Warning over new state pension top up scheme

Wrinkled female hand carefully holds a white piggy bank. Symbolic of pensions and senior poverty
Wrinkled female hand carefully holds a white piggy bank. Symbolic of pensions and senior poverty

Shadow Pensions Minister Nick Thomas-Symonds has warned that pensioners risk being lured into a state pension top up scheme that could leave them significantly worse off. He was speaking as a new scheme was introduced, allowing pensioners to pay a lump sum in order to top up their state pension.

The scheme was designed for people who will just miss out on the new flat rate state pension, being introduced in April next year. The idea is that they can boost their state pension by between £1 and £25 a week by paying in a lump sum.

The amount they will have to pay for this boost will depend on their age (and the older you are, the cheaper it is), but a 65-year-old would need to spend £22,250 in order to top up their pension by the full £25 a week.
Is it wise?

The initiative has been praised by pension experts, who highlight that you would struggle to get better value in the private annuity market - unless your life expectancy was particularly short. The government top up includes a guaranteed index-linked return, half of which can be passed onto your spouse when you die. Buying this sort of product in the open annuity market is incredibly pricey.

Tom McPhail, Head of Retirement Policy at Hargreaves Lansdown said: "No private pension company can offer such an attractive deal; so if you are eligible and you want to buy yourself some inflation-linked guaranteed income for life, with death benefits for your spouse thrown in too, then this is the scheme for you."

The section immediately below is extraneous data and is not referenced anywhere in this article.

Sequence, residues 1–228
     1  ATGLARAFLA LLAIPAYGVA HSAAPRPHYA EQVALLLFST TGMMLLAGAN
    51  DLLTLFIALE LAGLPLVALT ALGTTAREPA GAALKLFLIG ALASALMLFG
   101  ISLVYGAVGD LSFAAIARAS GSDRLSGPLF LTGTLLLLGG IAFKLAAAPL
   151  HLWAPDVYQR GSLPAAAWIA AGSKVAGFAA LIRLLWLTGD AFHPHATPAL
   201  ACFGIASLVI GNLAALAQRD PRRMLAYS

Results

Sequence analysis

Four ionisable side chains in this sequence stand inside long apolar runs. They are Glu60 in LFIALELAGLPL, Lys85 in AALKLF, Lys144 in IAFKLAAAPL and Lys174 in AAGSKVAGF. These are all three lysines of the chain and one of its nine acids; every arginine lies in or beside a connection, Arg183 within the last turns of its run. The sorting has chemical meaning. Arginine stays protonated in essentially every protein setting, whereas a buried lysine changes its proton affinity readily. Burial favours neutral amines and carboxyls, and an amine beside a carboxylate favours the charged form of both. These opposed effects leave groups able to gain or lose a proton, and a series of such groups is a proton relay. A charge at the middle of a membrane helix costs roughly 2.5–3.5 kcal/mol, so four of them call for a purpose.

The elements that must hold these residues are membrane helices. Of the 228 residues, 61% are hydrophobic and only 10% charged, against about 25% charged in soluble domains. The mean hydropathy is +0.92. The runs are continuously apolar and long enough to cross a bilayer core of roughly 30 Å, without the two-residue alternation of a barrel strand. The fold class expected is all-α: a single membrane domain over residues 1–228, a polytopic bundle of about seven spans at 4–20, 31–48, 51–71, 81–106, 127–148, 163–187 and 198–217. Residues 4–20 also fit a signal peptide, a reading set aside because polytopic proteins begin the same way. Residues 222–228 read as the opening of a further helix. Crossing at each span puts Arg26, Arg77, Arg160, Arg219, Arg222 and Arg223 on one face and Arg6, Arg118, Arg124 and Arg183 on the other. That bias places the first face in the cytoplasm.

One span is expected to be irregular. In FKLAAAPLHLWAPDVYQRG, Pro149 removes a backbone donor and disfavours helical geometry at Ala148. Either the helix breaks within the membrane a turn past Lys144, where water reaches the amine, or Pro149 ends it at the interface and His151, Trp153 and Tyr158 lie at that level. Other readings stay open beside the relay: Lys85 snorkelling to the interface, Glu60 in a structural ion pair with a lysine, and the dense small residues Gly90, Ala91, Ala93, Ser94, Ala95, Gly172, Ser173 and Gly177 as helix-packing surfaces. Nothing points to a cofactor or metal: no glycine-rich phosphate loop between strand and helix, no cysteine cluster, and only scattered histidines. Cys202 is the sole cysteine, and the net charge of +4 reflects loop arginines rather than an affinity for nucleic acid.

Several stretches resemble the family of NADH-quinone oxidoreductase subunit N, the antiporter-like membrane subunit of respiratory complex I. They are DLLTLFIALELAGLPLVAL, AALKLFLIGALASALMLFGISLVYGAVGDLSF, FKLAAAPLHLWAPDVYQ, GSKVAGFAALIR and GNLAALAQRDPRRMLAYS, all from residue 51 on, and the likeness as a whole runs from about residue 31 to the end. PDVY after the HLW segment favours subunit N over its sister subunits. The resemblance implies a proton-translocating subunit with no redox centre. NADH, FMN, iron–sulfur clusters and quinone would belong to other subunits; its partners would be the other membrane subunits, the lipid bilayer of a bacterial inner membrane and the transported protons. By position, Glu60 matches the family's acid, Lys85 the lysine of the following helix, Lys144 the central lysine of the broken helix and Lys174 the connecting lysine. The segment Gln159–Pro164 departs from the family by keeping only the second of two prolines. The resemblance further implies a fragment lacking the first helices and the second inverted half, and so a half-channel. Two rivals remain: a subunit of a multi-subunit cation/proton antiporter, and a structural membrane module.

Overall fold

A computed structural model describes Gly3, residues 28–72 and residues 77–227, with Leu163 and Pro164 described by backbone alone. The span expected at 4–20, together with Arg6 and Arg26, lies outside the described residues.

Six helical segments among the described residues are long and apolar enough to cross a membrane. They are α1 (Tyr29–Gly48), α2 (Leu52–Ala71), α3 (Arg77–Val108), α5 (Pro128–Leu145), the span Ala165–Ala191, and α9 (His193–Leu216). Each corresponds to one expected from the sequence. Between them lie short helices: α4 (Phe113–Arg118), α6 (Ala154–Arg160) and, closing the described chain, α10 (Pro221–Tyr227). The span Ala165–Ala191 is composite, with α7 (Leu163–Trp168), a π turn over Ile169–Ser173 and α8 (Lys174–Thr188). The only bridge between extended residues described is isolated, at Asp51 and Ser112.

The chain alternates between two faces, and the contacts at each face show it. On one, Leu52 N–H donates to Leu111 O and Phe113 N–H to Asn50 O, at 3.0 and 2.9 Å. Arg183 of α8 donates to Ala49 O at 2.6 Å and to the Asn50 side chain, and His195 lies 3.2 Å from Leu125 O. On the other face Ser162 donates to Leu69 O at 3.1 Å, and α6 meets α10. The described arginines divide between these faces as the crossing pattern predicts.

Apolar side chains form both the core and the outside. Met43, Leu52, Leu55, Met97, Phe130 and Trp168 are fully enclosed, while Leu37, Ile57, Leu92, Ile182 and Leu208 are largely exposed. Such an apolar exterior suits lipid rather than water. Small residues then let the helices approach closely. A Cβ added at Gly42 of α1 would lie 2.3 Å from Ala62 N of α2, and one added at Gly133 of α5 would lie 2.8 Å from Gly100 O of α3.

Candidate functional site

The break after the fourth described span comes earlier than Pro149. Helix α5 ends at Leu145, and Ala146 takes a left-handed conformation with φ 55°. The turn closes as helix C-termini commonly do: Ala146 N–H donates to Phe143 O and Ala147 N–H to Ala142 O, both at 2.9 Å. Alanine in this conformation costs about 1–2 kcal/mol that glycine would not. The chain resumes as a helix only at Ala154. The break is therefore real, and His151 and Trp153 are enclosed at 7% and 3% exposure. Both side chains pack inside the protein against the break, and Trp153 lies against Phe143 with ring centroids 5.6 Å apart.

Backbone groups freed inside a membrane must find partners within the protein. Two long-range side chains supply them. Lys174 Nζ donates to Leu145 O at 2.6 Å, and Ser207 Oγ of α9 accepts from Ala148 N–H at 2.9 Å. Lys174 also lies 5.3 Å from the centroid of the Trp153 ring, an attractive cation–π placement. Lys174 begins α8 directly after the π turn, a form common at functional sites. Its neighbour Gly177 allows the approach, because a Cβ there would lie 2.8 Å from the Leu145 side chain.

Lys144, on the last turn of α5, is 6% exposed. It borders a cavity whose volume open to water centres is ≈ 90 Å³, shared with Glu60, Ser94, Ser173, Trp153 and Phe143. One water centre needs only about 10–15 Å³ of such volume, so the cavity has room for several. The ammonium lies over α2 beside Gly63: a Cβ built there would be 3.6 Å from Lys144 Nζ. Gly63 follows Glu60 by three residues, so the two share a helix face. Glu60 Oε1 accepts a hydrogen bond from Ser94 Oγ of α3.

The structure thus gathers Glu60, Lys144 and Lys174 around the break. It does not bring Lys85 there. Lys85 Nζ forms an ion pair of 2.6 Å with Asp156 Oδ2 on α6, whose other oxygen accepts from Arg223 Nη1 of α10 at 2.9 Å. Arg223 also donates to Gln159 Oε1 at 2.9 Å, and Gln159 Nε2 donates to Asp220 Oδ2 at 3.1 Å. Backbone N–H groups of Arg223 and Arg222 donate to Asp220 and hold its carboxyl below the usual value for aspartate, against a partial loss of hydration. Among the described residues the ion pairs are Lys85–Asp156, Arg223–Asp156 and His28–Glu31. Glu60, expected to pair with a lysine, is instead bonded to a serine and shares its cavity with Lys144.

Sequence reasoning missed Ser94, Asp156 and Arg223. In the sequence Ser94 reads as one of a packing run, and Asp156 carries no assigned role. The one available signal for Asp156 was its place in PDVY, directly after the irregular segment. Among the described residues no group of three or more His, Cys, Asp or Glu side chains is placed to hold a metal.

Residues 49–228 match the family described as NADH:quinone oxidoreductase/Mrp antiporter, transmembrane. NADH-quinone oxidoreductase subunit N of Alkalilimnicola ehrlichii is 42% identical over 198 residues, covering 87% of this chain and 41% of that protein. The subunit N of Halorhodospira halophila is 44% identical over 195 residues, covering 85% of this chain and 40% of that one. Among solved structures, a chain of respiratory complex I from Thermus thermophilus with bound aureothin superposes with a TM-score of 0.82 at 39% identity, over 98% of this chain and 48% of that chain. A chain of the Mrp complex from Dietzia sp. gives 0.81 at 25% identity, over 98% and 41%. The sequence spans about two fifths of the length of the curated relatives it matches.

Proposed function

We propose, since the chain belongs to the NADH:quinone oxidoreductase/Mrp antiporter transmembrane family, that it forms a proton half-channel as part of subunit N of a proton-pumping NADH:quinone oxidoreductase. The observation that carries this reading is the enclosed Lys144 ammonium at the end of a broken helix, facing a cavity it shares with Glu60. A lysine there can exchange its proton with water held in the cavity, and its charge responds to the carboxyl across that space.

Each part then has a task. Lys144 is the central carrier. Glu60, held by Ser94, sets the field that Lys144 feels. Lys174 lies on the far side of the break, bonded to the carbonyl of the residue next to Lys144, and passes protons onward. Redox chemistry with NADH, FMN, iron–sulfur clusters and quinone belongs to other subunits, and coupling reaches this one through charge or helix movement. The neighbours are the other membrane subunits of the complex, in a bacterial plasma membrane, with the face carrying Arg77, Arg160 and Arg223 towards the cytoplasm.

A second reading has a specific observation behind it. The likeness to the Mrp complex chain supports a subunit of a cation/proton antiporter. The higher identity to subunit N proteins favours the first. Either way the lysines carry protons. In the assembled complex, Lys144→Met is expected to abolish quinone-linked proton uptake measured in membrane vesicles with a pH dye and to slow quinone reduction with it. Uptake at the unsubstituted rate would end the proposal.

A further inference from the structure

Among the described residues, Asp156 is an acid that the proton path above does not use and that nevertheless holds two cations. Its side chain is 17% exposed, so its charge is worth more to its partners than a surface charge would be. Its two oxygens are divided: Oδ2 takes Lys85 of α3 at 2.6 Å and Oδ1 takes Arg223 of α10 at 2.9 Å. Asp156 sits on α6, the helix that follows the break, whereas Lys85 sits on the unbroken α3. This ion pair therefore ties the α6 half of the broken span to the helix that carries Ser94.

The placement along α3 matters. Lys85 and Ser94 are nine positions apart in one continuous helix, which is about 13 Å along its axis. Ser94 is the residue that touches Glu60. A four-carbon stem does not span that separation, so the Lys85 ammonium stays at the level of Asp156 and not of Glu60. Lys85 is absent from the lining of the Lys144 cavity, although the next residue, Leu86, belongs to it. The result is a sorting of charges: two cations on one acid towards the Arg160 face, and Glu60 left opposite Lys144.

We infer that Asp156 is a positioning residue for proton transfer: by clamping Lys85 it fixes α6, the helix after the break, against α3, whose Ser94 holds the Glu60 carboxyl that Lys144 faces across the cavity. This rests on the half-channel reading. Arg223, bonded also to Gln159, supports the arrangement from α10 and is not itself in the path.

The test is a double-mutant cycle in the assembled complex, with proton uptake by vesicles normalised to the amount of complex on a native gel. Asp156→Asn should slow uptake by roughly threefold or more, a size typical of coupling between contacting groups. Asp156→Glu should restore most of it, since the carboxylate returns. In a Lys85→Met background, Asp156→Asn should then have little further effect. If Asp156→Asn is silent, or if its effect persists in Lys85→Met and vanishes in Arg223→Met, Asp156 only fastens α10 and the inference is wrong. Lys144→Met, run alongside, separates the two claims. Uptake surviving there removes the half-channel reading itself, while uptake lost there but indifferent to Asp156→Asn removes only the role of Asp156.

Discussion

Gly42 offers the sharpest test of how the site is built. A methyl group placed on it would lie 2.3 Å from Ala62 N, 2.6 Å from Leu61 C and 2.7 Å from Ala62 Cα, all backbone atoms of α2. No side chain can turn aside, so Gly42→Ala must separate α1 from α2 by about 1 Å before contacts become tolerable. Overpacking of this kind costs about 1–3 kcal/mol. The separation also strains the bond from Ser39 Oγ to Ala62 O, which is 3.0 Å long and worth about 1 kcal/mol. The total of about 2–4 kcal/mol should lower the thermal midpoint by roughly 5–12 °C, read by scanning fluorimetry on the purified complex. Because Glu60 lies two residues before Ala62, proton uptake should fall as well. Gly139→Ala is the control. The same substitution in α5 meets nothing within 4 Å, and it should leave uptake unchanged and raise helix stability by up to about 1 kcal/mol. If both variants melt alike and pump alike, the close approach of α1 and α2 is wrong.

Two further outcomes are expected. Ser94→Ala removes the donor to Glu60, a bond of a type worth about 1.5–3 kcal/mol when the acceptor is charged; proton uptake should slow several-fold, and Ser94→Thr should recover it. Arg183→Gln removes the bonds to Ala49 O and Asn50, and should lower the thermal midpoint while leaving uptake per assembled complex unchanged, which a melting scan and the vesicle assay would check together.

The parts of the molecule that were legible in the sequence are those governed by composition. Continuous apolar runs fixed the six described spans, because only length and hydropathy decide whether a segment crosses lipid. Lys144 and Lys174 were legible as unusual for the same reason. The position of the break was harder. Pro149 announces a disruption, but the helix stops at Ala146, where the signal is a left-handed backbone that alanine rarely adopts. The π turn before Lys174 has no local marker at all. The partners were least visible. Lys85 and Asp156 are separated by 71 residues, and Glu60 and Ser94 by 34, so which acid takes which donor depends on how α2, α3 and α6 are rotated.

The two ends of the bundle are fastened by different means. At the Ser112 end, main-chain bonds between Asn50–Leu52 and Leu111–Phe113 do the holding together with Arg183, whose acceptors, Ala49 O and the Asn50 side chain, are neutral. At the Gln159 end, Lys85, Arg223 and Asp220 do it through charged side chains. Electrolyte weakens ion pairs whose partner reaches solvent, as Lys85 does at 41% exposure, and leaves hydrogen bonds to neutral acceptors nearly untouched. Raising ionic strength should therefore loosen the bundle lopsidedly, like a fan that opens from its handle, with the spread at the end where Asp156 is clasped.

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The concerns

However, Thomas-Symonds, warned that it's not going to be right for everyone who qualifies, and that people need to consider their own circumstances carefully. His concerns are largely the same ones that you face when you're deciding whether to buy an annuity with your pension pot or take it in a series of lump sums.

Buying the regular income provides peace of mind that the money will last as long as you do, but raises the possibility that you could pay out the lump sum, and die before you get the same amount back in income.

He is right: people need to consider carefully whether it will suit their circumstances. The cost of topping up has been calculated using average life expectancy, so if you suffer from ill-health you may not live long enough to recoup the lump sum.

A 65-year-old, for example, would have to live to the age of 82 in order to make the purchase pay. On average, they will, but you need to consider whether you're likely to make it to that age.


McPhail adds that this new top up is not the only way some people can improve their state pension. Separately there is the Class 3 NICs scheme which allows anyone with gaps in their National Insurance record to buy additional years to fill in the gaps. This scheme is far more generous costing just £733.20 to buy an additional year of state pension, which would be worth £3.86 a week or £200 a year, meaning it would deliver pay-back on your investment within around 4 years.

He says: "Anyone looking at buying some additional state pension should make sure they have filled in any gaps in their standard record using the Class 3 scheme before looking at the Class 3A additional pension top-up scheme."

But what do you think? Would you pay to top up your state pension? Let us know in the comments.

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